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Are Nonhuman Animals Moral Beings?

2022-01-14 来源: 51Due教员组 类别: Essay范文



      Protecting animals has become a globally recognized ideal. But what is the moral basis on which humans should do this? Are nonhuman animals moral creatures, or simply empty flesh? What exactly is the difference between humans and animals on a moral level? Philosophers and social ethicists have provided various theories for examining this issue. Among all the theories, animal rights theory is the most thorough and radical one. This theory argues that animals are also subjects of rights and have the same intrinsic value as humans do, and this concept is now widely supported. However, after an extensive review of both new and classic research studies, I still believe that animals are not moral beings and that they do not hold equal rights despite humans having the obligation to treat animals kindly.

What Does Moral Mean?

There are many definitions of morality and there are many areas of conflict. It can even be said that the concept of “morality” is the inherent negation of “human instinct” and all the selfishness it implies. “Morality” and “instinct” are not always in deep conflict or operating on the same level, but “morality” generally rejects the use of “instinct” as the sole criterion for action and obligation.

It must be admitted that even today, many human behaviors may still come from the same survival instincts as those of crickets, worms, and even more primitive organisms. However, a great deal of human behavior is not driven by natural instincts. The difference between human morality and animal instinct is that human morality, once it emerges, has its own vitality, it will be separated from its initial circumstances and limitations it had when it was born; it will have an independent influence on human subjects, and sometimes it will be anti-rational or violate survival behavior. An example of this would be loyalty to an abstract nation-state in times of war, when it might be more rational simply to flee in the face of danger, and any animal free to choose its own behavior would do so. This is the sort of definition that one might find in classic Veneer theory of all non-human animals being explicitly non-moral beings, although recent research on empathy and other ethical traits in primates would seem to have basically disproved this theory in itself (Kitcher, 121), few if any researchers claim that animals have higher moral functions or considerations, and thus animals are not fundamentally moral creatures, though some individual animal behaviors could be seen to be ethical acts.

This ties into the biological definition of altruism, to promote others’ reproductive success at a cost to one’s own reproductive success. Some animals, especially mammals with higher levels of brain function, display this behavior, but none other than humans on a systematic or expansive and consistent basis. This difference becomes even clearer if we use the psychological definition of altruism, which is a complex idea that involves the adjustment of desires, intentions, and emotions based on the perceptions and needs of others (Kitcher, 126), which de Waal notes are virtually impossible for animals to achieve, since even the most complex non-human mammals are only able to internalize other animals’ needs on a very limited basis (174).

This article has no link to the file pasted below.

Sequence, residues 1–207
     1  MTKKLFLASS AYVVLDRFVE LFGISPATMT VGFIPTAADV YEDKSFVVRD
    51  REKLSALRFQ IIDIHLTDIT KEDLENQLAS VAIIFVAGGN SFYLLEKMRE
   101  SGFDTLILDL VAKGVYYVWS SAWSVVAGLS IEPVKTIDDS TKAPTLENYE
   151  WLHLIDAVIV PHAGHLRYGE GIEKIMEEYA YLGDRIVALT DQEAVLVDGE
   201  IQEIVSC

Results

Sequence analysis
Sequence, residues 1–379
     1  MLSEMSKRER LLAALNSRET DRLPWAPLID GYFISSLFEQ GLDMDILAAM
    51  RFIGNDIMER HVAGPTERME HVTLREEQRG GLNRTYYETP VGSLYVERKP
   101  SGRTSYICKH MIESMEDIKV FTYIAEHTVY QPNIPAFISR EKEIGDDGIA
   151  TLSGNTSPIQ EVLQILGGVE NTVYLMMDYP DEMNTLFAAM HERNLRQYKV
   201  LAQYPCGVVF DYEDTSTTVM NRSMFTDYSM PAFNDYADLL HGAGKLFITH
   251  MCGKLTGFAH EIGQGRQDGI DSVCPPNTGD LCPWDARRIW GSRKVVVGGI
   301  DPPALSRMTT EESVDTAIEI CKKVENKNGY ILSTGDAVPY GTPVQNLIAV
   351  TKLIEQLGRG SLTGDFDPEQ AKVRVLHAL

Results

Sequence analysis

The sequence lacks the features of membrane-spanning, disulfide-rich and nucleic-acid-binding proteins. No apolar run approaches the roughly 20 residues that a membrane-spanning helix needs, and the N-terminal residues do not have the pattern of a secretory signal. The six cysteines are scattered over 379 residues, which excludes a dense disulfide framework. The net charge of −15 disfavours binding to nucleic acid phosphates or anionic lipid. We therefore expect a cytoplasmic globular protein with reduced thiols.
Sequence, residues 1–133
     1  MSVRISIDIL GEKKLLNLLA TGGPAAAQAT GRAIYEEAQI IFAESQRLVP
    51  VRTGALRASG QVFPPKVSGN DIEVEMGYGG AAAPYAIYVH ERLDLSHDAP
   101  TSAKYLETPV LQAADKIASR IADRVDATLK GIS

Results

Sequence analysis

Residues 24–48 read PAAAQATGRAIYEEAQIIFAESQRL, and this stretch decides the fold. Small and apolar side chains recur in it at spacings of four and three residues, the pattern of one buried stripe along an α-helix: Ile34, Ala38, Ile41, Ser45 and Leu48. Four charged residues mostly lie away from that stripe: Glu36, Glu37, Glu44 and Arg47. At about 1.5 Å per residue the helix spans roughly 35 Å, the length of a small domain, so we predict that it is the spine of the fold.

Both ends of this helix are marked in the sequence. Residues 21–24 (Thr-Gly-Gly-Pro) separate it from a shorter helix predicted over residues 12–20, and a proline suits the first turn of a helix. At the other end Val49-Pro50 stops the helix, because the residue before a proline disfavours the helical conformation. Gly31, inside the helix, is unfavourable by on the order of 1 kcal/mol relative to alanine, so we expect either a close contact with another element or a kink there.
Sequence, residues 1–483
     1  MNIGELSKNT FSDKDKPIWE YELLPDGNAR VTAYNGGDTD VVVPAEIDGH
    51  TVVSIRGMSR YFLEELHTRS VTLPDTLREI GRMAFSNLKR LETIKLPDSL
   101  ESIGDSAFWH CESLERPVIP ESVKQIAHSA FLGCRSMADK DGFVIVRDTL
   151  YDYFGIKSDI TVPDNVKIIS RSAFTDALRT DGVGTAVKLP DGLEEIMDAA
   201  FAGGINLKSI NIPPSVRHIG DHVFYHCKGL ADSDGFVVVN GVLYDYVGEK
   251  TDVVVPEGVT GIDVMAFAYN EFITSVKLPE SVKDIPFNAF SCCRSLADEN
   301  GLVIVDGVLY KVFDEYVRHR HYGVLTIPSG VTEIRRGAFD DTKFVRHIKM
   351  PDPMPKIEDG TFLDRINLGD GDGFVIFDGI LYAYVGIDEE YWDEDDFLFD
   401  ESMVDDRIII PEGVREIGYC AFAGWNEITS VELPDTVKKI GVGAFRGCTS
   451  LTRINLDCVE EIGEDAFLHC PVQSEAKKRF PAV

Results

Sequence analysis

In a basic state, the self may face simple economic and social pressures and simple survival issues. But as society develops and group pressures become more complicated, moral requirements to the group may provoke individuals to act in ways that do not directly benefit themselves, or even harmful to themselves at a benefit to the group. Other moral issues may be ones of simple obligation, and specific balances of benefit may vary from group to group. Thus, a group’s only fertile female may limit reproductive behavior out of obligations to an individual or remain chaste, or an individual may sacrifice themselves to save an abstract group of strangers. For animals, there is no “trolley problem,” even for animals that would be hypothetically capable of understanding such a dilemma. Constructing a proper model of morality makes it clear that only humans are qualified to be named as moral creatures, though evolutionary precedents obviously exist, as do basic behaviors which have indisputable ethical characteristics, as they act in violation of self-interest and seem to express a subjective internal obligation felt by the animal.

Some Theories and Debates

      Some support the idea that animals have rights. Regan refuted three different points of view concerning the rights and status of animals. The first is the indirect duty approach that believes that humans have no responsibility for animals at all. This theory is widely opposed nowadays since being cruel to animals might also hurt human interests. The second theory he raised popped is the cruelty kindness view, which only requires humans not being cruel to animals, and this is also not valid or sufficient. The third is the utilitarian theory. This method shows that animal interests should be consistent with human interests. It also believes that it is necessary to achieve the optimum balance between satisfaction and frustration (Regan, 2004). However, Regan considers this view flawed. It denies that individuals have inherent value. In this case, if the end result is good, any action can be justified. Regan used his own ideas to refute these ideas. He believes that everyone (including animals) has intrinsic value, and it is wrong to regard subjects of value as inanimate or passive resources. He also talked about the concept of correct behavior, which basically means respecting everyone and not using them for other interests or purposes.

      Another theory that could help us is de Waal’s three levels of morality (p. 166), and he notes that the first one and a half seem to basically exist in other primates: